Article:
Real World, Real Learning at Design Festa

Real World, Real Learning at Design Festa
Real World, Real Learning at Design Festa

Real World, Real Learning at Design Festa

Twelve design students and four teachers traveled to Big Sight, Tokyo November 26th & 27th to participate in the annual Design Festa, and another dozen parents, students and teachers came along for support over the two-day event. Design Festa is one of the biggest celebrations of the arts in Asia, where anyone regardless of age, nationality, skill level or language can exhibit. Twice a year since its inception in1994, it has served as a platform for creative expression by over 12,000 artists, designers, musicians, actors and more. YIS students work alongside professionals and amateurs to display and sell their original products or create live art.

Says YIS Art and Design teacher, Wayne Kumamoto, "our most important work as teachers of design is to guide students to think critically and creatively. Our students are real and their ideas are real; Design Festa is a valuable opportunity to experience the real world of design." The students agree. Says Tessa, grade 9, "Design Festa was amazing, a chance for all people to be themselves. If you have a passion for making small things, like stickers, or big paintings, it doesn't matter, you can express yourself and sell your art and show people what you like to create."

Design Festa at YIS is an extracurricular activity that meets twice a week in the fall. Explained Mr. Kumamoto: "We have grades 9 through 12 in a non-assessed, elective scenario where they can learn from each other. The grade 12's also give advice and all the students really learn from each other. There's a natural transfer of knowledge and skills that is very meaningful for the students, since it's all about creating what the students are interested in."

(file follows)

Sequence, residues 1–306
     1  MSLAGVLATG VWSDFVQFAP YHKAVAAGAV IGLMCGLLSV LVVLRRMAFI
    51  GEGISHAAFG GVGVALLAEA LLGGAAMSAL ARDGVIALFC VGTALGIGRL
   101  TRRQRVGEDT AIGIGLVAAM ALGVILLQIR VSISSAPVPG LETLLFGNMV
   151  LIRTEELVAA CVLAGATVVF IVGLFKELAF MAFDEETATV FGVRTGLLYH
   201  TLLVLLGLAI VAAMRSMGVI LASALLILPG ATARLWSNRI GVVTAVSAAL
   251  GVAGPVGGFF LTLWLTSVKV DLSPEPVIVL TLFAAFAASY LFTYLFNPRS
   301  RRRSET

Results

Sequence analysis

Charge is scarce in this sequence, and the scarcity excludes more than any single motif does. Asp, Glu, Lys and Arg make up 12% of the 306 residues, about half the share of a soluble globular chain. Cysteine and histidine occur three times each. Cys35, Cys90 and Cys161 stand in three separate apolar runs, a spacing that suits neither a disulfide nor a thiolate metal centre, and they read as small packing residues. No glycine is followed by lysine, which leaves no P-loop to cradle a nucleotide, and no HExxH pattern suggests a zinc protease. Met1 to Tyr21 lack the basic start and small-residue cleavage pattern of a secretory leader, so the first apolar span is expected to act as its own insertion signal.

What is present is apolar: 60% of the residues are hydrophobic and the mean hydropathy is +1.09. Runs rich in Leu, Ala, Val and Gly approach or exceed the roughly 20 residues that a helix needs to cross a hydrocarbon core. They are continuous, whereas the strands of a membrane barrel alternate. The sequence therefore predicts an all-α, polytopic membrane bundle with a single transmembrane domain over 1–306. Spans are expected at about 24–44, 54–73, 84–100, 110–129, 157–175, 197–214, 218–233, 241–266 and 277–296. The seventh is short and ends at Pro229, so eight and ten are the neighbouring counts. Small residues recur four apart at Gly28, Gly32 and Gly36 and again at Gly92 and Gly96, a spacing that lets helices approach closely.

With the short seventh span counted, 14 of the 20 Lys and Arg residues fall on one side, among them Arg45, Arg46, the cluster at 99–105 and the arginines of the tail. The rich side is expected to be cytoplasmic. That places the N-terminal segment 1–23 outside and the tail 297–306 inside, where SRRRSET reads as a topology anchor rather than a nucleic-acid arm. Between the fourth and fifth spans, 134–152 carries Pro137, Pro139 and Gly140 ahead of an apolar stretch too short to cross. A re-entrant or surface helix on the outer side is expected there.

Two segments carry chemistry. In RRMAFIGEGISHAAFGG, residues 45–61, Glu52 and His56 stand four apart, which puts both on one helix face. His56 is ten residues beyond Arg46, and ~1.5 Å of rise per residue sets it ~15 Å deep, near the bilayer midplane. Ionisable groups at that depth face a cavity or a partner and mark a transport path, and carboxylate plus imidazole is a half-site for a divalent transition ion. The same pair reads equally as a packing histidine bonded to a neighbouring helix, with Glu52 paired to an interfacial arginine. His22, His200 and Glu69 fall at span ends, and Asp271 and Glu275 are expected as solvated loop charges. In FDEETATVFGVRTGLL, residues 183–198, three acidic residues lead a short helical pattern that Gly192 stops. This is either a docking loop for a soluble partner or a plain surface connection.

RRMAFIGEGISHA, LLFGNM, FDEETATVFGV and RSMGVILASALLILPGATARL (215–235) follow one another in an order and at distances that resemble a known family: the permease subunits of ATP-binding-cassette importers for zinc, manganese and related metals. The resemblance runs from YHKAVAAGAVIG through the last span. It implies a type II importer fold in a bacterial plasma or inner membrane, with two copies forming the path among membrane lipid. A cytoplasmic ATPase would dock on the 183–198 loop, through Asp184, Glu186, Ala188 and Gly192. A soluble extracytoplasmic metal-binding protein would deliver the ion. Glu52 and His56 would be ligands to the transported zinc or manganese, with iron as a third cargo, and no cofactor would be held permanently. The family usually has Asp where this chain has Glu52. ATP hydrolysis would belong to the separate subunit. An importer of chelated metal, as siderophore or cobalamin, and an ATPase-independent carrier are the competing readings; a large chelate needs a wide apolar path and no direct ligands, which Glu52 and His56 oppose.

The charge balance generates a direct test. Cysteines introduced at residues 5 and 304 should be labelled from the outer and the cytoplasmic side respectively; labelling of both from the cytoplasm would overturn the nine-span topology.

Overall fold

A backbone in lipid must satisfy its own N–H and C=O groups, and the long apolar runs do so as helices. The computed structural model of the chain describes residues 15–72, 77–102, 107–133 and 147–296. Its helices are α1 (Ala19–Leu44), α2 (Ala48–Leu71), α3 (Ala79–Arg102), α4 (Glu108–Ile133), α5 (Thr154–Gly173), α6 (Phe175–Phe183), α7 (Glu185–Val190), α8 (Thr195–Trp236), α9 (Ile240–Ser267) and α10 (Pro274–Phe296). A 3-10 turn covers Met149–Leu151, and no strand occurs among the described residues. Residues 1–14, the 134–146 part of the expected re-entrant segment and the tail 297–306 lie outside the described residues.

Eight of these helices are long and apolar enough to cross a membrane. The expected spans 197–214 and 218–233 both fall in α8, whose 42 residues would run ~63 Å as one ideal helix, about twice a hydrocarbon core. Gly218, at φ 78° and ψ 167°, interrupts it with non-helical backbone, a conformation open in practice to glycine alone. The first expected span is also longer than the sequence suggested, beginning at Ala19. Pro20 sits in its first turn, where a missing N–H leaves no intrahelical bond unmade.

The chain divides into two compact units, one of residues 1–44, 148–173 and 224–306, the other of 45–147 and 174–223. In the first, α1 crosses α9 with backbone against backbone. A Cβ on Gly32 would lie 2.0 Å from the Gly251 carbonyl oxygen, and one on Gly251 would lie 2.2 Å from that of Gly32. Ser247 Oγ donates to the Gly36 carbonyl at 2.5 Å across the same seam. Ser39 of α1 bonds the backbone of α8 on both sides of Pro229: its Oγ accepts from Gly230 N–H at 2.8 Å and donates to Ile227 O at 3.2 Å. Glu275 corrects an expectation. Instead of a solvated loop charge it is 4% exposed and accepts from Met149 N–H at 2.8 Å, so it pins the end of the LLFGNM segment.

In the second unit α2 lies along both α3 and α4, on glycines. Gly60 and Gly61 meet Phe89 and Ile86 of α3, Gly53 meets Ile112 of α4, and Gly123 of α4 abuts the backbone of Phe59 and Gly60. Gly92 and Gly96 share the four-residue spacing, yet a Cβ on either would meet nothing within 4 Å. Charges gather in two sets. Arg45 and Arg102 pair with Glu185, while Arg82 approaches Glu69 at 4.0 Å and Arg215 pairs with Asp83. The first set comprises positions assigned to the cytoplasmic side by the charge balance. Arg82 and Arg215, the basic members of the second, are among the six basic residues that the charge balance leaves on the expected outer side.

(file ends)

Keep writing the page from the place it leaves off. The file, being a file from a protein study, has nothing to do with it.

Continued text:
Ayaka, a grade 10 student and Design Festa veteran challenged herself this year, her fourth appearance, by participating in a live painting demonstration with other YIS students across a 3m x 2m space. Says Ayaka, "we needed to consider deeply about the balance of the artwork and cover as much of the space as we could to demonstrate skills. I learned that taking risks is important, since in live-painting, we only had a single chance. We needed to show what we could create for the audience with only brush and ink."

"For all the students, there was a definite awareness that they were not in the classroom," says Mr. Kumamoto, "that they had to engage with the public, had to talk to people in unfamiliar, unpredictable situations. Kids themselves are unpredictable but giving them the chance to negotiate real-life situations of adult engagement was very valuable."

The chance to experience the real world of art and design was inspiring, agreed the students. Concludes grade 9 student, William, "I appreciated the chance to interact with all the other exhibitions and artists. Some people draw perfectly realistically, some abstract, some colorfully, some only using black and white. Everyone has their own unique approach. We could also get feedback from other participants on our own work, which was a rich experience for me to improve and get advice from other artists and designers who have been longtime contributors."

Agrees Tessa, "when I looked and found so many examples of other styles it inspired me to find my own style. It opened up my mind to believe I can design whatever I want. As students still learning about designing and art, it's something we will take with us for next year and within our future projects."

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